“Good. Forward the text.”

  “Now?”

  “Now.”

  Okay then. She forwarded the text to Archer. “Feel better?” she asked as her phone buzzed with Archer’s immediate response:

  On it. Don’t worry.

  “Yeah,” Keane said. “I feel better.”

  They left the house, with Willa giving it a final look back as they walked out to his truck. It felt a little silly to fall for a house but that’s what she’d done.

  Keane drove to the Embarcadero. It had a view that eclipsed any other place in the city, at least in Willa’s opinion. They walked along the water and stopped to take in the heart-stopping view of the bay.

  “Thought we’d eat here,” Keane said of the Waterfront Restaurant behind them.

  She hesitated. “When you said ‘let’s get some food,’ I thought we’d get a burger or a taco,” she said. “I don’t think I’m dressed for this.”

  He let his gaze run over her, taking in her sweater and skinny jeans. She’d need to lose ten pounds before she could get anywhere even close to skinny.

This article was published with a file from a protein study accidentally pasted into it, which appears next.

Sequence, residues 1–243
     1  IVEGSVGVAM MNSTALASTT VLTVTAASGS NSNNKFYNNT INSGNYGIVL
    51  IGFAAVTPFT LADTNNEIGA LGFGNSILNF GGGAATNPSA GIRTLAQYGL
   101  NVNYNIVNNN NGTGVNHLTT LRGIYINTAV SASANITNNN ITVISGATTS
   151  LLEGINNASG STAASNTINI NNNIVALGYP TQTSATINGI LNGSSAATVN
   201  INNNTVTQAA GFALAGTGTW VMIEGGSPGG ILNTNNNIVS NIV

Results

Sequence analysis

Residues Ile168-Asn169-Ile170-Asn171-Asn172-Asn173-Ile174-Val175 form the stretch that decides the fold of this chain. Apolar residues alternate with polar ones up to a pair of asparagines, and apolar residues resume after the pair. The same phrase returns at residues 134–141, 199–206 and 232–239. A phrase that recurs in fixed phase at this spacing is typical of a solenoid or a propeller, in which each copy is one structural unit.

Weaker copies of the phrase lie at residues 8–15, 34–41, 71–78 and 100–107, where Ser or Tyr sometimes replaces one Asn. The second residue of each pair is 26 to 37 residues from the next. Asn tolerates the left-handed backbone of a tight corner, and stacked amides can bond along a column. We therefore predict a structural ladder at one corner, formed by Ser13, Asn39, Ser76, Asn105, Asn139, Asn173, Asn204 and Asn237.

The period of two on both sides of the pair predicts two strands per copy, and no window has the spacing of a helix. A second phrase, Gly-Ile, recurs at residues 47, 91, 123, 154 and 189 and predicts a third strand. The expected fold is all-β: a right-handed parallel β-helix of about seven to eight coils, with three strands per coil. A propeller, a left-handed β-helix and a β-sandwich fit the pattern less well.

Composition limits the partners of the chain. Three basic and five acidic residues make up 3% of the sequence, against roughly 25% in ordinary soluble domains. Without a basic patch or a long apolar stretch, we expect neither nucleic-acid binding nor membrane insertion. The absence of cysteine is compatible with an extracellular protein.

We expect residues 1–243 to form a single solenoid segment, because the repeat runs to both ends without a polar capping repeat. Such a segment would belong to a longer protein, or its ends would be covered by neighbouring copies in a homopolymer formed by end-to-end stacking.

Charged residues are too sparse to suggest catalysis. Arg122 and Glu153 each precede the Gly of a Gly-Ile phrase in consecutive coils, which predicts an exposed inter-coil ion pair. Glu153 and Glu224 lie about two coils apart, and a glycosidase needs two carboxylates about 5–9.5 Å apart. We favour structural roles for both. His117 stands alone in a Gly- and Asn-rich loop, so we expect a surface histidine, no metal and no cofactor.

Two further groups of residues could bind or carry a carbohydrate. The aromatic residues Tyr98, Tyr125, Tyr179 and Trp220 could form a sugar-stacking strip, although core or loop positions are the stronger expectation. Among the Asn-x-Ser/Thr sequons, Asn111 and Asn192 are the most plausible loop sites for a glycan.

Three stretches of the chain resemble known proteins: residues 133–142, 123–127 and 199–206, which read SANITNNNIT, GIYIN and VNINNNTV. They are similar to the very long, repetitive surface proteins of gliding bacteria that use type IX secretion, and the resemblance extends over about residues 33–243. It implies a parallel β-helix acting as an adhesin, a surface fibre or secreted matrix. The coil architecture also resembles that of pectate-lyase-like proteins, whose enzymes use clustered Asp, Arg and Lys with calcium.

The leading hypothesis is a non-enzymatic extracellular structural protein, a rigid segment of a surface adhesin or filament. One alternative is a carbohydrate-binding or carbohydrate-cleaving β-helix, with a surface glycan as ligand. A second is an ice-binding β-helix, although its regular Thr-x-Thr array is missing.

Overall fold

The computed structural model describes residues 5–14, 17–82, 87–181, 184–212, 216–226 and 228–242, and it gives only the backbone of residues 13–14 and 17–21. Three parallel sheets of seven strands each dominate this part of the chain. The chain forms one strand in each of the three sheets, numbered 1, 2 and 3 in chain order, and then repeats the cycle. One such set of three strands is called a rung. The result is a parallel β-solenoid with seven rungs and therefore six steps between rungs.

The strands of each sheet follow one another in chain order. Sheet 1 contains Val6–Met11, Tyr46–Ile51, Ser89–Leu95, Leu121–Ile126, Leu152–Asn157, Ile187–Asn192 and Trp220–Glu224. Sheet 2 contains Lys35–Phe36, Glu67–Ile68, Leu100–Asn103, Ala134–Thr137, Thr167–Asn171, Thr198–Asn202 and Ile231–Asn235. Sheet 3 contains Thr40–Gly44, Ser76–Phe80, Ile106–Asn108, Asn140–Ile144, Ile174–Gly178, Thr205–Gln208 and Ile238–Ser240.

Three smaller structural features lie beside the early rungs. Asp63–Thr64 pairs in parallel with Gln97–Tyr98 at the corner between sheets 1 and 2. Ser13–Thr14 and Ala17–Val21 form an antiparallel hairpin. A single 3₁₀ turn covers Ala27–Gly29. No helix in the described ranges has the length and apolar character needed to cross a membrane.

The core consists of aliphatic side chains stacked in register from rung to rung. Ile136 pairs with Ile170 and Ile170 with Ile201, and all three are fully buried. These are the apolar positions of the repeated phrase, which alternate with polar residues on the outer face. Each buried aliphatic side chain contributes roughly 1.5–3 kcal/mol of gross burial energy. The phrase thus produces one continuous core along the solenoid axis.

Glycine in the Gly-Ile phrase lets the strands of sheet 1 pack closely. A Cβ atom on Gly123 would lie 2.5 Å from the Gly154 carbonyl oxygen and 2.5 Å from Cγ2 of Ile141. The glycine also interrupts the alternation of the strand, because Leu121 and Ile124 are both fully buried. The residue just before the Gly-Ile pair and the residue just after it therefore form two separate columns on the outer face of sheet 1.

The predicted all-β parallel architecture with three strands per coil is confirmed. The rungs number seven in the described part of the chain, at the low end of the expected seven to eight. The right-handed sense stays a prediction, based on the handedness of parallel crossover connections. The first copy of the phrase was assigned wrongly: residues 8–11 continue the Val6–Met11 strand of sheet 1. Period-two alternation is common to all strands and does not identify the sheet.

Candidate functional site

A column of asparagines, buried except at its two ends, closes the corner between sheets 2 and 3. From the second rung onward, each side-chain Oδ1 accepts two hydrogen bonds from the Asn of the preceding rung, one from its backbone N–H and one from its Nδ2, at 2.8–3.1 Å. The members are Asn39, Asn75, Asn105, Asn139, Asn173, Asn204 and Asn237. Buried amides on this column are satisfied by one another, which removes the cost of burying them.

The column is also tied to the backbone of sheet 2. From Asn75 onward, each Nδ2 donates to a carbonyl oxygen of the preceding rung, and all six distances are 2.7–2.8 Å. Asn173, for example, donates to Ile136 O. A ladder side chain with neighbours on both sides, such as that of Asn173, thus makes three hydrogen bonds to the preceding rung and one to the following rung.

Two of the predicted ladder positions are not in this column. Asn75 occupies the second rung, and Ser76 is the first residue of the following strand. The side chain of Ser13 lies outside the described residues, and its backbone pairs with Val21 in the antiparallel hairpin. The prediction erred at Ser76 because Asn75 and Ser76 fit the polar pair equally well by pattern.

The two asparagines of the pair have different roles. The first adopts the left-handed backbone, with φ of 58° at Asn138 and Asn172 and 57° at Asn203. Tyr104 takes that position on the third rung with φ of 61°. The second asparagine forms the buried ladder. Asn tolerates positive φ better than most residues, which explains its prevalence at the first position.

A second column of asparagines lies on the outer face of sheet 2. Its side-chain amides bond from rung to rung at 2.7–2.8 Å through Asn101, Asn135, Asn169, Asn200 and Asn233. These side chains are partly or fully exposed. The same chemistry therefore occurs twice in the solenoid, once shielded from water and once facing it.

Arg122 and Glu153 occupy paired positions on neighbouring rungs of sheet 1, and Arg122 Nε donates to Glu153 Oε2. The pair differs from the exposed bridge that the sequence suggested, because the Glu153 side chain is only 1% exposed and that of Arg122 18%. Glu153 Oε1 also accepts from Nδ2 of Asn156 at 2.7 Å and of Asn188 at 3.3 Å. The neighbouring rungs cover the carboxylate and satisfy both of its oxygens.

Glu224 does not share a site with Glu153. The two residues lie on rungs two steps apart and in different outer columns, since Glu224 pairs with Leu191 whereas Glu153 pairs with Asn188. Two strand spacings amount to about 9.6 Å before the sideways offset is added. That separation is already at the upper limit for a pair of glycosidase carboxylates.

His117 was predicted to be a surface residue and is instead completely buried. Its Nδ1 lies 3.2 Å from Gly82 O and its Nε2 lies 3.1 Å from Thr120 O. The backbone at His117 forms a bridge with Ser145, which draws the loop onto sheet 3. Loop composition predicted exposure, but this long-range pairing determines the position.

“I like what you’re wearing,” he said. “You’re beautiful.”

  This actually left her speechless.

  “And anyway, I’m hungry for more than just a quickie.”

  She stared at him. “Is that a double entendre?”

  “Actually, it might have been a triple entendre.”

  She laughed and looked at the restaurant front. She’d walked by the place enough times, always drooling over the great view and menu, but she’d never actually been inside.

  Turned out, the food was fantastic.

  And so was the company, dammit.

  As they ate, they watched the moon hang above the water. A salty breeze brushed through the outside patio, mingling with the warm air coming out of the standing heaters beside every dining table.

  It was unexpectedly . . . romantic. So much so that she had to keep reminding her hormones to take a chill pill, not that they listened. She was far too attracted to Keane for her own good. He was smart, funny, sexy . . . At some point she came up with the brilliant idea to concentrate on what she didn’t like. “Why aren’t there any holiday decorations up at your place?” she asked.

  “Because you bought out all the decorations in the entire city.”

  Okay, so she had to laugh at that. “Elle thinks my shop looks like Christmas and New Year had a baby who threw up on everything.”